But how are such qualities obtained? One might think that they should be taught in the great academies. But Moyar believes that they are much more culture-bound and have developed through family traditions, since "cultures and their effects have shown themselves very resistant to deliberate change." He concedes, however, that such traits can be enhanced through "self-improvement and practice," and that senior leaders can coach and inspire such traits among their subordinates through training and education. He also writes that command leadership is often boosted by shared identity between leaders and followers and by experience in command, even if this experience is in fields other than counterinsurgency.
The bulk of Moyar's book lies in chapters 2 through 10, in which he develops his thesis through a range of case studies. Most of these involve Americans in dual insurgent-counterinsurgent roles, but he also includes El Salvador, where the U.S. played an advisory role, and Malaya, a British operation. These case studies not only suggest the even wider array of insurgencies that have been waged throughout history but also bring out the essential importance of command in each of them, a point that Moyar has properly defined as neglected. In this respect Moyar is a true pioneer in a field whose importance for national security has been accepted only reluctantly and belatedly by the American public.
American history is, in fact, replete with insurgent operations, including the Revolution itself, the Civil War, and a number of overseas interventions largely forgotten by a post-Cold War generation. Moyar concentrates on U.S. actions in the Philippines during the 20th century and, more recently, in Iraq and Afghanistan. There were, of course, many others, particularly in Central America and in the Caribbean, but Moyar's selections are both focused and relevant.
Space precludes a comprehensive account of each one of them, but a few selections should suffice. The Civil War offers some of the major aspects of the classic dichotomy between "good" and "bad" command. An example of the former would be General George Crook, who, in Moyar's words, "relied on decentralized command, leaving local commanders to decide how to fight the war in their areas." Crook "crushed the guerrillas in a portion of West Virginia by picking good officers and setting them loose in the countryside with no specific instructions on how to accomplish the mission of defeating the insurgents." In assessing "good" command Moyar is explicit in adhering to the qualities enumerated in his theoretical introduction.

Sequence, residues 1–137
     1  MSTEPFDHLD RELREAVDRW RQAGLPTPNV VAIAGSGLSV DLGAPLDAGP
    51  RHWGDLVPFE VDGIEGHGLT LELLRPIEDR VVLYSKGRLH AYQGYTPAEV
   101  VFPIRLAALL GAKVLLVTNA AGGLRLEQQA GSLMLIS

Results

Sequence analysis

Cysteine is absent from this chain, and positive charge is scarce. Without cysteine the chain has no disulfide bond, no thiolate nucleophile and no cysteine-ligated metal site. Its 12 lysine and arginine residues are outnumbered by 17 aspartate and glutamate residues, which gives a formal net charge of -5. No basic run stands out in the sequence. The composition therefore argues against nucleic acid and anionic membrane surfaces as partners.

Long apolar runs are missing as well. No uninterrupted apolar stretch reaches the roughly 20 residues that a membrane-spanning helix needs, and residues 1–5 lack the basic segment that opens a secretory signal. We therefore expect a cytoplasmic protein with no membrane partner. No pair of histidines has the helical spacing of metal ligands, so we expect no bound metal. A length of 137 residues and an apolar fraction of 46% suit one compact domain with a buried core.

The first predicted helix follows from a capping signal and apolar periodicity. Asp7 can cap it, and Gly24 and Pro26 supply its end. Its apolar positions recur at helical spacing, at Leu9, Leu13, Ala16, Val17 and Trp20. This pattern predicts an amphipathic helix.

By contrast, "bad" commanders in the Civil War, such as John C. Fremont and most of the "political generals," were incompetent, corrupt, clumsy, politically partisan, and stubborn. Many of them and their men looted and plundered civilian populations and forced many neutral civilians into the insurgent camp. Their efforts were worse than wasteful; they actually damaged the Union cause.
At the turn of the 20th century, Americans fought a long and costly counter-guerrilla campaign against insurgents in the Philippine Islands, who expected independence after the Spanish-American War. The insurrection was eventually defeated, but not until U.S. forces had learned—the hard way—that only an efficient, decentralized, and streamlined military leadership, sufficiently attuned to local cultures and aspirations, can prevail over imbedded insurgents.
Now we have repeated history in nearly a decade of experience in both Afghanistan and Iraq. Moyar's final two case studies provide excellent summaries of these campaigns, especially the blunders that cost thousands of lives until, true to historical experience, trial and error led to improved strategic and tactical missions. The future promises more of the same, but there may at least be one solace: now we have a vastly improved roadmap for guidance. All of which proves an adage attributed to Napoleon himself: "It was not the legions which crossed the Rubicon, but Caesar."
John J. Tierney, Jr., is Walter Kohler Professor of International Relations at the Institute of World Politics in Washington, D.C. He is the author of Chasing Ghosts: Unconventional Warfare in American History (Potomac Books), and frequently delivers lectures on problems of counterinsurgency warfare at universities in the U.S. and abroad.
Copyright © 2009 by the author or Christianity Today/Books & Culture magazine.